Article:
I wanted to be careful on how to plan my family reunions and how to approach the topic with family and friends, I didn’t want to be the person who dampens the mood during family reunions by talking about “depressing” subjects. I say this because it has been my personal experience that most people in the U.S. do not like to hear the stories of Native Americans and their hardships as they often label them as “too depressing” for their holidays.

So, I decided to use foods as a way to approach sensitive topics while still trying to remain amicable.

About nine years ago, I started to decolonize my Thanksgiving dinner. I was inspired by a book I read called, “American Indian – Celebrating the Voices, Traditions, and Wisdom of Native Americans.” This book contains beautiful pictures of the ancestral foods that Native Americans used to eat before the arrival of European settlers on tribal lands and tells the history of those ancestral foods and the significance they had for the survival of Native American tribes.

Needless to say, after reading this book I was ready to create my own Thanksgiving celebration inspired by the foods of our ancestors.

For my ‘New Decolonized Thanksgiving dinner’, I wanted to include familiar foods and foods that were new to my family and friends. I included turkey because turkey as we know it today, domesticated turkey, originated in Mexico with the Aztecs as well as in the Southwest in the U.S. For my side dishes, I wanted to include at least a new side dish that my family and I hadn’t tried before so the first year I created my new decolonized Thanksgiving dinner, I made “Squash Stuffed with Quinoa and Wild Rice.” This side dish was a success and my family loved it!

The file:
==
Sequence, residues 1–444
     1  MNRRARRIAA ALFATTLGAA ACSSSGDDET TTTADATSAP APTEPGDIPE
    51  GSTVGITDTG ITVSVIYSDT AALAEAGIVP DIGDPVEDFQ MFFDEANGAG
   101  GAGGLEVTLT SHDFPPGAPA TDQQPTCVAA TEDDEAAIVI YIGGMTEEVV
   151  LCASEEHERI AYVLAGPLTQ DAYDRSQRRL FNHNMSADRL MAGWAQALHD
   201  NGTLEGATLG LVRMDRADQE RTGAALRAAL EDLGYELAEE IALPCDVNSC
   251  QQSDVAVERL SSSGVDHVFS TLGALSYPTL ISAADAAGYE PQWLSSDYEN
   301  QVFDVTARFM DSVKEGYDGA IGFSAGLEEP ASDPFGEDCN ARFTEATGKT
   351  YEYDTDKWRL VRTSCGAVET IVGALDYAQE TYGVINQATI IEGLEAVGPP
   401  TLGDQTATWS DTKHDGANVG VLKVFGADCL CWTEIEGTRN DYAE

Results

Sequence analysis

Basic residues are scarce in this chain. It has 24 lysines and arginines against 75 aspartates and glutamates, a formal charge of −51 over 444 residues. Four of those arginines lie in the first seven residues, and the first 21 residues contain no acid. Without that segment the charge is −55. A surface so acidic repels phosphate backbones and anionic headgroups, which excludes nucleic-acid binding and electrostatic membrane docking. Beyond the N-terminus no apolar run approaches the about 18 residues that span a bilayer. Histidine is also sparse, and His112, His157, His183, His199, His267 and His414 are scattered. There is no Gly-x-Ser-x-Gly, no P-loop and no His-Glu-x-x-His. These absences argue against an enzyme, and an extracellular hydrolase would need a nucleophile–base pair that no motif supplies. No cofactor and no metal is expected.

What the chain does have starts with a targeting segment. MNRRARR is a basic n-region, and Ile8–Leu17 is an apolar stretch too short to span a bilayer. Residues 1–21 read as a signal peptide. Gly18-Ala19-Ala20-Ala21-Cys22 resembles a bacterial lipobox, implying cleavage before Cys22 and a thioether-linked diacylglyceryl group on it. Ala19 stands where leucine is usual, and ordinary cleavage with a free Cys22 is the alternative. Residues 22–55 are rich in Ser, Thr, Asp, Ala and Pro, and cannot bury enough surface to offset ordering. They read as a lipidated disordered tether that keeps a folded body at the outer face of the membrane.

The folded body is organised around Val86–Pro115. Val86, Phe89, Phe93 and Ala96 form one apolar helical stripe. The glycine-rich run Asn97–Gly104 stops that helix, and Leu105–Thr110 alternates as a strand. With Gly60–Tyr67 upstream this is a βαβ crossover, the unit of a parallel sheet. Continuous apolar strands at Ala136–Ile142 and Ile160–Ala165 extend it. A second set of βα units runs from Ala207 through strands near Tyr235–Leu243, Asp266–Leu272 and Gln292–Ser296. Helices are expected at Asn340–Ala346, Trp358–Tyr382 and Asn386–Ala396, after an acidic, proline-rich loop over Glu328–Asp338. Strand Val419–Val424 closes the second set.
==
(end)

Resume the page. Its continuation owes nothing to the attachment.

Squash Stuffed with Quinoa and Wild Rice.

Every year since that first decolonized Thanksgiving Day, I have tried to make different Native American dishes that include at least two or three ancestral foods. This allows me to enjoy my Thanksgiving Day while sharing with my family the story of 1621 and how the Wampanoag people helped the English settlers to survive on tribal lands.

I also had the opportunity to share these stories with members of my extended family and friends. For example, last year, I was invited to spend Thanksgiving Day at a friend’s house with her family. I took this opportunity to make a special dish called “Three Sisters Salad,” which calls for the three Native American staple foods, corn, beans, and squash. This dish allowed me to bring up the history of ancestral foods and how they still play an important part in Native American communities.

Three Sisters Salad – corn, beans, and squash

As I mentioned before, this is going to be the ninth year since I’ve been celebrating a Decolonized Thanksgiving Day and I look forward to it every year! Each year, I plan the menu ahead of time with my family and ask them what they would like to eat for this special day, we always vote for turkey, but we try to make new recipes every year.